December 22, 2008 Wants and Needs

It’s the time of year when visions of sugarplums and Christmas songs get stuck in your head. Here’s what’s been playing in my head for the last three days (with apologies to the Rolling Stones):

You can’t always get what you want,
You can’t always get what you want,
You can’t always get what you want
But if you try sometimes
You just might find
You get what you need.

We’ve spent most of the last three days recovering from one storm, working outside during the last storm, and getting ready for the next. We had to get up a new shelter for the goats (easy to assemble kits just aren’t, especially when it’s 5 degrees outside) and then sort out the goats we wanted to bring closer to home and get them loaded. It was only a 10 mile haul, but we lost the open window in the weather and had to deal with drifting snow across the last 1/8 mile of road. Craig dug out the road by hand while I put chains on the truck. And did I mention there were two frozen pipes to deal with? One thawed successfully, but there is an ominous dripping sound inside the wall between the laundry room and the garage. That will be one of today’s projects.

Now you can see why “you can’t always get what you want” keeps going through my head. The last big news flash out of Olympia before I became consumed with snow was the governor’s budget and the proposed cuts to make expenses balance with revenue. There are and must be cuts into things we want in order to focus on things we need. Over the years we have asked government to do a whole lot of inherently good things that aren’t core functions of government.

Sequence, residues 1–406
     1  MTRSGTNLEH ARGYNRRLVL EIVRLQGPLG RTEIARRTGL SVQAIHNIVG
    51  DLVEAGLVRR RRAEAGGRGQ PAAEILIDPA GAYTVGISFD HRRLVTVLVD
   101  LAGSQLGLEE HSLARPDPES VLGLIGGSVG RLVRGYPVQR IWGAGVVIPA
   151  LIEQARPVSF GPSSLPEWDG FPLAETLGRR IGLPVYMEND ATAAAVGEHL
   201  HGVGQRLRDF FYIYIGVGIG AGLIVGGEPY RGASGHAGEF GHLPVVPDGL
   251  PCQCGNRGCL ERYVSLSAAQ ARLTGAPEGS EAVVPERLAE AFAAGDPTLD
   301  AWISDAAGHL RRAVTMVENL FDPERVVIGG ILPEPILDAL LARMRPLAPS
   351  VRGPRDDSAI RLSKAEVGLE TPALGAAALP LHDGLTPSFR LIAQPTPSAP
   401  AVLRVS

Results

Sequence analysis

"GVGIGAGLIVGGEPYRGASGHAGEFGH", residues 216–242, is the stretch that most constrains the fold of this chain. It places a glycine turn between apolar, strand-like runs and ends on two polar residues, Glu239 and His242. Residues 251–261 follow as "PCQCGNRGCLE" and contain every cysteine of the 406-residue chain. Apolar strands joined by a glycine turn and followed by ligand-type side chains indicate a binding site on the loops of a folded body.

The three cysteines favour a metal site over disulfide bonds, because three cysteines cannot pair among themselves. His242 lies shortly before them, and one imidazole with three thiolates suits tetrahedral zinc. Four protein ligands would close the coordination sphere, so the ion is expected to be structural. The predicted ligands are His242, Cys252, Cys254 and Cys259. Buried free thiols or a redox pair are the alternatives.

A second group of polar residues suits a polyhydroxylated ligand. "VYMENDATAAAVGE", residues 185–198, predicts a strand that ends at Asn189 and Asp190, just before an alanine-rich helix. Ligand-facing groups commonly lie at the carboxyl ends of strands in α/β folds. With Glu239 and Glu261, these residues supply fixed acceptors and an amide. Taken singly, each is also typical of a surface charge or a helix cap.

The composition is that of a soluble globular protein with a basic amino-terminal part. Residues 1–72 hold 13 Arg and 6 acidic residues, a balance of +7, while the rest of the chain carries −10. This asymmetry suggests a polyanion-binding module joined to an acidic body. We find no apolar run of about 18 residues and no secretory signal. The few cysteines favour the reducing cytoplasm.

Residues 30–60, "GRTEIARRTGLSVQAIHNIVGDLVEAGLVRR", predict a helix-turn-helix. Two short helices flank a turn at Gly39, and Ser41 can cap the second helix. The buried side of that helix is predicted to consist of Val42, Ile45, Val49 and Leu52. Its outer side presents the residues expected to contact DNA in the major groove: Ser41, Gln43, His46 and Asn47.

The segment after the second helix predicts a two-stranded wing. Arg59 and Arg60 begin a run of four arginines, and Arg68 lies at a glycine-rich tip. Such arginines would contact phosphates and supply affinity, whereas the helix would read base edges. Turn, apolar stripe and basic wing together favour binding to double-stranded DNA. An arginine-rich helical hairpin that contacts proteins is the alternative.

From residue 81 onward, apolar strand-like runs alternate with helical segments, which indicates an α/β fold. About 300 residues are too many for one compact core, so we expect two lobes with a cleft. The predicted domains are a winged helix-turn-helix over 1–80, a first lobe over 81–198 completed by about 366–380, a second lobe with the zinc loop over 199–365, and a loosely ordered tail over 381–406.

We have asked for all of our wants as if government and Santa Claus were synonymous, as a child insists on a pony for Christmas. At the Greater Spokane Legislative forum, one audience questioner noted that children will ask for everything, and a good parent knows when to say no and stick to it. Sen. Lisa Brown rejected the analogy and kept putting the responsibility for the budget problems back onto the people, saying that the legislature was just responding to the people’s requests. Sen. Linda Parlette had a much better response –like a good parent she is ready to make the tough decisions to separate needs and wants.

You can’t always get what you want, but we just might find we can get what we need – if our legislators stick to conservative principles and exercise fiscal discipline.